Liverpool, home of the Liver Birds (with a long “i”), football, and the Beatles, suffered many changes over the years due to the city’s habit of knocking down or covering up much evidence of the past. Of course, World War II helped.
Our ship, Crystal Serenity, dropped anchor alongside Pier Head, a cement pier within walking distance of the city centre. Rather than a formal tour, I struck out with map in hand to discover the city’s treasures.
The pier housed several museums and a visitor center with Albert Dock just across a construction area. When opened in 1846, Albert Dock held the only non-combustible warehouse buildings in the world. Made of cast iron, brick, and stone, no wood served as fire fodder to destroy the buildings. Ships loaded and unloaded their wares directly to the warehouses. Now, restaurants, bars, shops, a Maritime Museum, the Beatles Story, and the Tate Museum of Liverpool fill some of the buildings. I purchased souvenir books on Liverpool.
In the May Blitz of 1941, a seven night bombardment of Liverpool, Albert Dock suffered much damage. At the same time, four thousand people lost their lives. Areas of the city were flattened. Only the shell of St. Luke’s Episcopal Church stood. Today trees grow where people once worshiped. The city left the church’s walls as a reminder of the war’s destruction.
As I headed for the Catholic Metropolitan Cathedral and the Anglican Liverpool Cathedral, I found many other sites. Every city has its Chinatown. Liverpool’s sported a huge pagoda as the entrance.
I finally reached the Liverpool Cathedral. Its builders in 1901 hoped to create the largest Anglican cathedral in the world. The gothic architecture took four years to complete. Its 331 ft. tower can be seen from all over the city. At 620 feet long, it is supposedly the longest cathedral in the world. Inside, the nave stretches 479 feet to the altar and lends itself for many uses and layouts. Like other visitors, my first response to the inside was, “Wow!”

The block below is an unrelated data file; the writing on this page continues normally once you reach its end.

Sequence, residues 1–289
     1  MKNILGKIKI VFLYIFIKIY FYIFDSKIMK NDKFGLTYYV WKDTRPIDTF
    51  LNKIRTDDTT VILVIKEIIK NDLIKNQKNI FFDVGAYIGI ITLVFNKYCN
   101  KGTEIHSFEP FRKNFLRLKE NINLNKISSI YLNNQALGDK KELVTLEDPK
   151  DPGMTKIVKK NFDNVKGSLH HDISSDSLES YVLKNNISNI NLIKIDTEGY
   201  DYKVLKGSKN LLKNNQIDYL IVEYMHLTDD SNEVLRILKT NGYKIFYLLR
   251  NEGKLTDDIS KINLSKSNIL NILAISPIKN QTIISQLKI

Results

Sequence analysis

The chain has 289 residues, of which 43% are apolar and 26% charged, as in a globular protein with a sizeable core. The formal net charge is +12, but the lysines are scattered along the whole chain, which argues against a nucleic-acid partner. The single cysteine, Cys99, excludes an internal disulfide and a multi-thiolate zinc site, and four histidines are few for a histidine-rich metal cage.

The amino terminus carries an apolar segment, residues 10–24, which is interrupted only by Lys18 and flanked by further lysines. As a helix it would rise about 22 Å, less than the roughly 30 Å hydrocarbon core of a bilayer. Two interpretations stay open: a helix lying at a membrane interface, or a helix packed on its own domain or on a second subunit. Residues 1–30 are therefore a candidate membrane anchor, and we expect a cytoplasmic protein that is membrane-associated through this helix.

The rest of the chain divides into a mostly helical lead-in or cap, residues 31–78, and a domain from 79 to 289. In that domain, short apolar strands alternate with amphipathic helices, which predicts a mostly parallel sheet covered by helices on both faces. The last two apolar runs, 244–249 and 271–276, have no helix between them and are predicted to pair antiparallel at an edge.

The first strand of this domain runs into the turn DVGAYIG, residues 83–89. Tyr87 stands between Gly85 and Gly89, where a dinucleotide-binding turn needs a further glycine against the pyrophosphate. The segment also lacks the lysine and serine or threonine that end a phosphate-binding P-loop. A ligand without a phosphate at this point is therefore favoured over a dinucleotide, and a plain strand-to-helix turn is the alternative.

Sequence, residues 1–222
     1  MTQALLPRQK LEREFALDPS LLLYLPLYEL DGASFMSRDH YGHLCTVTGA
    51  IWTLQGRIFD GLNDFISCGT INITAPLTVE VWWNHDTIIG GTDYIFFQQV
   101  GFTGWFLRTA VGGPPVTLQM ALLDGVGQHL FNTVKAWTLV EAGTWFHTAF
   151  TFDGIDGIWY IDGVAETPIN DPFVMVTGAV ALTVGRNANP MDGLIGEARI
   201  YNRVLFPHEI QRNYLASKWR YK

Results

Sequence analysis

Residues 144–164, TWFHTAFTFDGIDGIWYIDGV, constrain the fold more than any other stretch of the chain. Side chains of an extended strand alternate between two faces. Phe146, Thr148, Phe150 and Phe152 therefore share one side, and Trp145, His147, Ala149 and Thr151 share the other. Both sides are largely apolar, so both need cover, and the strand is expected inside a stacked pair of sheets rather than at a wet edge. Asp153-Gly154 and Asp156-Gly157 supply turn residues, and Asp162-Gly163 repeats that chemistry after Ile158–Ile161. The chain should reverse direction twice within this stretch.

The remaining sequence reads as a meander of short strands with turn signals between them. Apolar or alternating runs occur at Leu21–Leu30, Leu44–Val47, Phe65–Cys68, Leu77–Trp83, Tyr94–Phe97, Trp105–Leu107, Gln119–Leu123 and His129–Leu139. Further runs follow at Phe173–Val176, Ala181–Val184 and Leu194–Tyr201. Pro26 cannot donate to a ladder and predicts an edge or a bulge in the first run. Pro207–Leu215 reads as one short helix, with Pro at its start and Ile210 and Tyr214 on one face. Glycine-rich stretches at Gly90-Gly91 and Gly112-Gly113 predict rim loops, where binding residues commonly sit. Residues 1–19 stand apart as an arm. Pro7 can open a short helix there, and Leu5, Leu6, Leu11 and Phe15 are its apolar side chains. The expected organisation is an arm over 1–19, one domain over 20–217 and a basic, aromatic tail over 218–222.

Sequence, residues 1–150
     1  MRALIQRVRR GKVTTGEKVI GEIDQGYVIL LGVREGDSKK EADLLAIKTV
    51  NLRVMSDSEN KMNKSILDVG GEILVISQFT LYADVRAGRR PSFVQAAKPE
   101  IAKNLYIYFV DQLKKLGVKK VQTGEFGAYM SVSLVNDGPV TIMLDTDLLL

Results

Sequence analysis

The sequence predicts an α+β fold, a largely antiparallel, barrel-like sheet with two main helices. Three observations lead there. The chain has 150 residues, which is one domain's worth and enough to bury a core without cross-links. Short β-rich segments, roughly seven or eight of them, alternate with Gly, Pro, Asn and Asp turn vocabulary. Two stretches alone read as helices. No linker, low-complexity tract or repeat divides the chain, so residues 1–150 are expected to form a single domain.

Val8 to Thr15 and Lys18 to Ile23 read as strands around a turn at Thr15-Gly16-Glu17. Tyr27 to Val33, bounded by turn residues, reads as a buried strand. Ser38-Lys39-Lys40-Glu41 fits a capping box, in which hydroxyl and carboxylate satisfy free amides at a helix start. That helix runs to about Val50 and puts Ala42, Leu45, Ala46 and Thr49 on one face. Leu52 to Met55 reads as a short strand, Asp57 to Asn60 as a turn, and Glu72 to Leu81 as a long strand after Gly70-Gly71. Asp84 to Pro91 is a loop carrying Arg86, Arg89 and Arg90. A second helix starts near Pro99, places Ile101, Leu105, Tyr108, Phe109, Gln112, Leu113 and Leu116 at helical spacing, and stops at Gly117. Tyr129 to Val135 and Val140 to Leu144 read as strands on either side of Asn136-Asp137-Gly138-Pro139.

By now my stomach told me to return to the ship for lunch. I decided to forgo seeing the more modern Catholic Metropolitan Cathedral. Little did I know it was only half a mile away on Hope Street. Started in 1904, the cathedral wasn’t finished until 1978 – 74 years later.
After lunch, I remembered a request of one son. He wanted an official soccer jersey. Directions led me to Liverpool One, a huge shopping mall just down the street from our ship.
The mall covered up Old Dock. The dock designed in the 1700s offered a more inland protection from winds and storms.
At the Liverpool Football Club shop I chose “on sale” jerseys from last year since I needed six of different sizes - red for one son, black for another and his twin two-year-olds, and white for the third and his eight-year-old son.
I headed back to the ship armed with packages. I passed the Liver Building, a reinforced concrete structure covered with fourteen-inch thick granite. Atop two clock towers I viewed huge metal birds. Thank goodness I’d bought the book, “100 Years of Liver Birds.” Liver Birds, the symbol of Liverpool, decorate everything from buildings to football jerseys.
The bird is considered to be a cormorant, dove, or spoonbill, or even perhaps an eagle. Cables anchor them to their perch on the Liver Building. People believe if the birds ever fly away, the city will fall into the sea. The two copper replicas face away from each other. One gazes toward the sea looking after the sailors, ships, and travelers. The other watches over the city to protect residents as well as see when the pubs open.
My last stop, half a block away, took in a memorial to the Engine Room Heroes of the Titanic. The ship registered in Liverpool and bore the city’s name. Two hundred-forty-four engineers lost their lives. The memorial was the first statue in England to honor the Working Man.
I put away my Liverpool map and looked forward to Dublin.